And of course they were hardly alone in this frontal assault, joined by the revivals of Fauvism and Art Deco.

It was this experience of surfeit, I think, that had the most unsettling effect on established taste. We had grown used to the idea that changes in pictorial style inevitably entailed depletion and purification. . . . [Neo-Expressionism] put into question the very practice of identifying the vitality of art with this process of progressive depletion.

This makes it sound like a theoretical debate that somebody won, but in reality the fun-lovers and the killjoys will never budge from their positions. It is instead a matter of what fraction of the population belongs to which group at some time. The fraction of fun-lovers rises with the violence rate, so by the later 1970s the death of abstract, minimal, Puritanical art was inevitable. Similarly once the violence rate began plummeting after 1992, it was unavoidable that the killjoys would take over the culture once more.

Here are some representative Neo-Expressionist paintings from the '80s, and one from 1992, by Enzo Cucchi, Mimmo Paladino, Rainer Fetting, and Helmut Middendorf (click to enlarge):

Saving movies for the next post, let's have a quick look at just a handful of music videos, a new medium that joined the visual culture during this time. They were never as absorbing and sublime as movies, but they still show how broad the Expressionist influence was.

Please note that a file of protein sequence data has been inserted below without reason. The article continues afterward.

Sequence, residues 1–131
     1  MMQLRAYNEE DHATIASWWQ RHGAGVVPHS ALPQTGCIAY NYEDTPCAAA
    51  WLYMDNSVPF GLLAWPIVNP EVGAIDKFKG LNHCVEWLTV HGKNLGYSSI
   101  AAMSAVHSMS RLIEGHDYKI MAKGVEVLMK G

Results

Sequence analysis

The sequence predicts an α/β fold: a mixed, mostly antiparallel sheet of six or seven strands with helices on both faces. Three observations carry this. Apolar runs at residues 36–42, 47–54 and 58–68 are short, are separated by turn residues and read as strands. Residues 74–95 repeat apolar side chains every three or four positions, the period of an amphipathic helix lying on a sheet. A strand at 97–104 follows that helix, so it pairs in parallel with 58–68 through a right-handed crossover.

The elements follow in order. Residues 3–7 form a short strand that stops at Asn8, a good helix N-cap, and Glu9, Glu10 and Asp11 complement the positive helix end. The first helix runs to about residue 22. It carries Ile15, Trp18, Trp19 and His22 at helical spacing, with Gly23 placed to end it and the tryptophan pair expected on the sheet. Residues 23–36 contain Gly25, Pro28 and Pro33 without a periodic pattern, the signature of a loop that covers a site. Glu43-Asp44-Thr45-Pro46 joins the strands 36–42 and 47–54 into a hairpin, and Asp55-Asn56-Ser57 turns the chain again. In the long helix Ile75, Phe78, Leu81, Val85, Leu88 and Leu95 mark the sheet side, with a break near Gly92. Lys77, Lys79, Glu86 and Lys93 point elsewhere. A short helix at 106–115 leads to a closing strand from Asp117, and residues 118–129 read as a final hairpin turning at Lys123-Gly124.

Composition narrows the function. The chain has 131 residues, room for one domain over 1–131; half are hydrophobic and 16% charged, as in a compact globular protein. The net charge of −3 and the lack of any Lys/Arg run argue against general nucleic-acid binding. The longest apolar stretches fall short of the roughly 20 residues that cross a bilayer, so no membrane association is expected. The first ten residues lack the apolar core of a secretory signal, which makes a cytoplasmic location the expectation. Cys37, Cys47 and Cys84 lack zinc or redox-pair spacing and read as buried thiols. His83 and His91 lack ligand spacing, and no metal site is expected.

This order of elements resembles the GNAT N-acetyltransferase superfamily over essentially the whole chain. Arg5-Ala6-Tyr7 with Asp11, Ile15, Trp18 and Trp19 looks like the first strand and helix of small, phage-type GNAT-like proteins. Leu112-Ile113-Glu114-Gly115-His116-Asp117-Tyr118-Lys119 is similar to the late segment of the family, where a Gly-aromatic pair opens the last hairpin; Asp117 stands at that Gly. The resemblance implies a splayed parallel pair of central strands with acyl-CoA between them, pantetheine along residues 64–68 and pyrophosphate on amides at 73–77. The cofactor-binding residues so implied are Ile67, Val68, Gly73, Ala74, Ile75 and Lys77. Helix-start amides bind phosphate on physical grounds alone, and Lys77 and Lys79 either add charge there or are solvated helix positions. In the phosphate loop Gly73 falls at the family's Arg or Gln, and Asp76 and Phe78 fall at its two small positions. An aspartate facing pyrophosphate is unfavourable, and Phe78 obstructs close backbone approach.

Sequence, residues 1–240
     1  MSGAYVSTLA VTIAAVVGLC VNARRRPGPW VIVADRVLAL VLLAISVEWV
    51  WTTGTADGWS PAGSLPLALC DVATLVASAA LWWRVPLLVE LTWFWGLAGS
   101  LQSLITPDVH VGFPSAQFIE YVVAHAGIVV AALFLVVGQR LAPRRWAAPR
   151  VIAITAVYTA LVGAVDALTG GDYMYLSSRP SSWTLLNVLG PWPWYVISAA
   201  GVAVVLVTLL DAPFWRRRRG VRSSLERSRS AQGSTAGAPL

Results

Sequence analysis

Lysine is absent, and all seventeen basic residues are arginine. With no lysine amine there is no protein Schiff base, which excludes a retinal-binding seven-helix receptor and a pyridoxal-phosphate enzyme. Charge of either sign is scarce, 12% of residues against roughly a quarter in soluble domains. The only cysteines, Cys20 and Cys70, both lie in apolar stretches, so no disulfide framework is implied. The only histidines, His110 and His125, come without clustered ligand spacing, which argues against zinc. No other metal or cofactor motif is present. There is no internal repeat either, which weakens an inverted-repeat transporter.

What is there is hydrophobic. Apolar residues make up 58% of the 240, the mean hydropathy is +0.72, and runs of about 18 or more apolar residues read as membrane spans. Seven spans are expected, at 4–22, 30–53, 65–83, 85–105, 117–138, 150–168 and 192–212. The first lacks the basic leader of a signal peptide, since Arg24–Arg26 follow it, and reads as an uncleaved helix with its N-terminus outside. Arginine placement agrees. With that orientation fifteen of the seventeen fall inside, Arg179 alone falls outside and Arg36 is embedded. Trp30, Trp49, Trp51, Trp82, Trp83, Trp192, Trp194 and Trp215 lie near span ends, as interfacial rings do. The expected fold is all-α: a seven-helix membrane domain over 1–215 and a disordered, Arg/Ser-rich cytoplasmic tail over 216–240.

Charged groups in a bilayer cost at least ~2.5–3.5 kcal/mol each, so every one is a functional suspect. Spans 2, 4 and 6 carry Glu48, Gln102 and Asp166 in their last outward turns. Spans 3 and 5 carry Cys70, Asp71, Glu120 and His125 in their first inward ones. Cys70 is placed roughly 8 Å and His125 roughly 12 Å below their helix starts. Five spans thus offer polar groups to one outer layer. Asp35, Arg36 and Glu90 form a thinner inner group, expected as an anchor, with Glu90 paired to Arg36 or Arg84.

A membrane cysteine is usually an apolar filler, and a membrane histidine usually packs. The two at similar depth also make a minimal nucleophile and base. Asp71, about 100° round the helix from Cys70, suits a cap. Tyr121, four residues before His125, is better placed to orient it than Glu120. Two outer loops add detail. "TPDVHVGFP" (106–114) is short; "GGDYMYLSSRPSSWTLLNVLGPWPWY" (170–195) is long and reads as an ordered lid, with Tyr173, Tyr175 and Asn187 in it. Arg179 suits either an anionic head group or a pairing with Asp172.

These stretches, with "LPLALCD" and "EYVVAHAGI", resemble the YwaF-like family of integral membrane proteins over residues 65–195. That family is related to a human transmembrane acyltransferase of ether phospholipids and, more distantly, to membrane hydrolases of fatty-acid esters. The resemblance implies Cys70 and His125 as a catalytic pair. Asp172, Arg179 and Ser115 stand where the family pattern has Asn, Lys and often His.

Nobody pumped out this type of video more than Billy Idol, which was a perfect fit to his musical style -- putting modern alienation and hedonism on display, even having some fun with it for a bit, but ultimately yearning to forge a deep social bond with someone to help him through the urban jungle (as in "Catch My Fall"). The clearest example is the video for "Flesh For Fantasy," with its distorted-perspective buildings, exaggerated choreography, and uneasy voyeuristic look at sexuality.

Only somewhat less stylized, and focusing more on the sense of menace in urban streets and bars, is Pat Benatar's video for "Love Is A Battlefield". The video for "Planet Earth" by Duran Duran is pretty bare, but it still uses a stage that looks like it came from a German Expressionist horror movie. They were outdone there by (who else?) Billy Idol in the video for "Dancing With Myself", directed by Tobe Hooper of Texas Chainsaw Massacre fame.

Is there anything new in Neo-Expressionism? I'll elaborate more in the post on movies, but even looking at the music videos you see a far greater anxiety about the more globalized and ethnically heterogeneous world of the 1980s compared to the 1910s. Since one of the core concerns of Expressionism was the sense of loss of belonging and community in the modern world, it was only natural that the Neo-Expressionists -- in the diverse countries anyway -- would uncover the anxiety over the melting pot ideology clashing with the reality of black pimps, inscrutable Orientals, and so on.

This was hardly their central focus, but it did show up fairly reliably, and was not so much a part of early 20th-C Expressionism, whose alienation was all about urban and modern effects, and not ethnic diversity effects.